Do you tell stories about your childhood or growing up in Ireland that are much different to today? The power of stories like these should never be underestimated.
We all love to hear stories. The ability to tell a good story is even one trait that Irish people are famous for.
Whether we have the abilities of a seanchaí or just liked telling stories to young children, we all love stories. With the increased reliance on screentime for entertainment, are we losing the ability to engage with stories. Or is the pull as powerful as ever?
Are stories still powerful?
Stories for children don’t have to be fanciful or complicated; they certainly don’t need to be a literary masterpiece. I can recall loving when a great aunt used to visit from England. I much preferred her to any of my other great aunts. Why? Because she used to tell me stories about when my dad was young. Stories of how he got up to mischief and got into trouble alongside his elder brother. My own father has started telling my children stories about how they used to farm years ago. They are intrigued by stories of ploughing with a Clydesdale mare and buying the first Massey Ferguson tractor in 1956. They will remember those stories for years.
Wisdom of the Elders
A book entitled ‘Wisdom of the Elders’ has been published by Footprints Press. It recounts stories from 71 older people in Kenya, stories from those who were freedom fighters, stories by ordinary people. Stories of how Kenya’s history has shaped its people.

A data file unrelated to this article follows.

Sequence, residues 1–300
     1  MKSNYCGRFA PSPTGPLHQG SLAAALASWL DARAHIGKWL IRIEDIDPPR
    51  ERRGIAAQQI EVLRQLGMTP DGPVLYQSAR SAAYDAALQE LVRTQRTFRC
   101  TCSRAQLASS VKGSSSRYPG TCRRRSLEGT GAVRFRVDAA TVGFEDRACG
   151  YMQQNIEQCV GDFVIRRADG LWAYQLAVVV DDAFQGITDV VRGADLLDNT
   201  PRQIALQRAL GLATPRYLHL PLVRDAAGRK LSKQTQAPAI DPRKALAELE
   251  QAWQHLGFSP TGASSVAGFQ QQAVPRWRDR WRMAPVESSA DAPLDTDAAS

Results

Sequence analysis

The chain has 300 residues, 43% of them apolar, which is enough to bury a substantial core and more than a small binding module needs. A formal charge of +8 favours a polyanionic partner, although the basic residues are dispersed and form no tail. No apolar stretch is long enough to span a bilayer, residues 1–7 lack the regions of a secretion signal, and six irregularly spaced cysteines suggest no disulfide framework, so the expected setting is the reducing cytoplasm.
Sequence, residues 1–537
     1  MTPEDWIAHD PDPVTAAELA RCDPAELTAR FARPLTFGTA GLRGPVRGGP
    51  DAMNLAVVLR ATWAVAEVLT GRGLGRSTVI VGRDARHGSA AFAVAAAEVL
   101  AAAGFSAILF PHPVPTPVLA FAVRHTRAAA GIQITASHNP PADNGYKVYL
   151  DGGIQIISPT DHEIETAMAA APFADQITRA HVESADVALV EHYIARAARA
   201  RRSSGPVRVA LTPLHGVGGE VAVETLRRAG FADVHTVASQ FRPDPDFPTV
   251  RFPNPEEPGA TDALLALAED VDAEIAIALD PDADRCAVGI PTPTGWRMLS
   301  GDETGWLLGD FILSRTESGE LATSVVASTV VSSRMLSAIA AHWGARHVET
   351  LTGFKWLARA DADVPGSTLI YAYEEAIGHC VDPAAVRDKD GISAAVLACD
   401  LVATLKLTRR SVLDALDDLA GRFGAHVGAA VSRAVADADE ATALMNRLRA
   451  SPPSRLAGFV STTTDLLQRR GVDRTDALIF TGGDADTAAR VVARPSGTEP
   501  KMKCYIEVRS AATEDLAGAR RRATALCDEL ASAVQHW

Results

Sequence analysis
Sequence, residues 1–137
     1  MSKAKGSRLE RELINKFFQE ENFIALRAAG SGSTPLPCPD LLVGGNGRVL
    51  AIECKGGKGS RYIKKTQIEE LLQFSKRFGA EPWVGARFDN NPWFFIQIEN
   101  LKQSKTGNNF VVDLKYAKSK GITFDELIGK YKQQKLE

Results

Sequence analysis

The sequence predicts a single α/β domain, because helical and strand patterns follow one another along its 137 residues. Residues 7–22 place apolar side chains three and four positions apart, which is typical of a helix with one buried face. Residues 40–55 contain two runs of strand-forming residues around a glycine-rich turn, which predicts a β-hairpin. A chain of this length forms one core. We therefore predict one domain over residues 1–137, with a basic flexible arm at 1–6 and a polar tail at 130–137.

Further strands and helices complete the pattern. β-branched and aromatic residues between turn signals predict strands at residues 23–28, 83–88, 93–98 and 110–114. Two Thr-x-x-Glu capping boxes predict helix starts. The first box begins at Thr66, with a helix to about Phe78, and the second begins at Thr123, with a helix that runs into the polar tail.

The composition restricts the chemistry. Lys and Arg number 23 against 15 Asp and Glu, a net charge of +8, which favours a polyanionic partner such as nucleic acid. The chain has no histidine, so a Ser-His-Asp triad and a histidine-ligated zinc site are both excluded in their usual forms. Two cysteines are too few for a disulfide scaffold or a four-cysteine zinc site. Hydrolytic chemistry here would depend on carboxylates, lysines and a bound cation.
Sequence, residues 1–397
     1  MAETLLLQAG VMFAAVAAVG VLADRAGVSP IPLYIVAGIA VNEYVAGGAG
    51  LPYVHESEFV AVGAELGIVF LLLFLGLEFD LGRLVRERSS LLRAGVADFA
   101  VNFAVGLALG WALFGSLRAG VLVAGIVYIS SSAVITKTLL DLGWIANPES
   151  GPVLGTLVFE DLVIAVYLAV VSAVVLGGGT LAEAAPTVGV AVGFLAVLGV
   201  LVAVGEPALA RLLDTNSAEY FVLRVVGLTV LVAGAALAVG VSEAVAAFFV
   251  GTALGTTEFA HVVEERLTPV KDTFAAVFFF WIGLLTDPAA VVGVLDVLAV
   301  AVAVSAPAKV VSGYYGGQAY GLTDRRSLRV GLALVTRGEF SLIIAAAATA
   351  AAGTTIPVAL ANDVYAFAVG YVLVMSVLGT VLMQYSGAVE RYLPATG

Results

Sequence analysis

It is recognising the importance of the tales and experiences of all sectors of society.
The ‘Vanishing Ireland’ series by James Fennell and Turtle Bunbury has remained hugely popular. It recounts stories about older people in our society, many of whom lived in rural locations eking out a living from the land and living a way of life that is slowly disappearing.
The series of four books tell stories of living without electricity, milking cows by hand, seeing siblings emigrate, being harassed by the Black and Tans, that happiness is not about having gold in your pocket but family community and health – all stories of personal histories that are captured before they disappear, each one fascinating in its own right. As individuals, we seem to value personal stories more now. Perhaps we have become so saturated by reality television and soaps that we now celebrate their ordinariness.
Do you tell stories?
Who do you tell them to and what are they about?
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